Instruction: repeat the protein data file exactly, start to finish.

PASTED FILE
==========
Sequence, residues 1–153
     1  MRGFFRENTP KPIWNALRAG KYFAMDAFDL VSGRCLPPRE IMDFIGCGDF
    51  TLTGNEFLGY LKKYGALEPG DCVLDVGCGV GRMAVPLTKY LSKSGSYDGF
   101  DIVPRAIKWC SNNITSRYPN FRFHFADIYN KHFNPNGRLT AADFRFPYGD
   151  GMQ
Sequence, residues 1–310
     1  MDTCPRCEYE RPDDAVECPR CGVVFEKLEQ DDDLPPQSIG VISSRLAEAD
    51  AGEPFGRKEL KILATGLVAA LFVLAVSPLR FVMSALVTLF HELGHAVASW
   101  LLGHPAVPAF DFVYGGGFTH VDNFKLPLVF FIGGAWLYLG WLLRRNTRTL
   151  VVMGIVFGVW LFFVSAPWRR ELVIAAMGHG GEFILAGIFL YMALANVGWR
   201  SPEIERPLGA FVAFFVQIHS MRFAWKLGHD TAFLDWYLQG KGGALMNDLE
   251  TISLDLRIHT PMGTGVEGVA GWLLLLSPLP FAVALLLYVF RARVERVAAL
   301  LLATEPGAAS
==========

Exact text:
Sequence, residues 1–153
     1  MRGFFRENTP KPIWNALRAG KYFAMDAFDL VSGRCLPPRE IMDFIGCGDF
    51  TLTGNEFLGY LKKYGALEPG DCVLDVGCGV GRMAVPLTKY LSKSGSYDGF
   101  DIVPRAIKWC SNNITSRYPN FRFHFADIYN KHFNPNGRLT AADFRFPYGD
   151  GMQ
Sequence, residues 1–310
     1  MDTCPRCEYE RPDDAVECPR CGVVFEKLEQ DDDLPPQSIG VISSRLAEAD
    51  AGEPFGRKEL KILATGLVAA LFVLAVSPLR FVMSALVTLF HELGHAVASW
   101  LLGHPAVPAF DFVYGGGFTH VDNFKLPLVF FIGGAWLYLG WLLRRNTRTL
   151  VVMGIVFGVW LFFVSAPWRR ELVIAAMGHG GEFILAGIFL YMALANVGWR
   201  SPEIERPLGA FVAFFVQIHS MRFAWKLGHD TAFLDWYLQG KGGALMNDLE
   251  TISLDLRIHT PMGTGVEGVA GWLLLLSPLP FAVALLLYVF RARVERVAAL
   301  LLATEPGAAS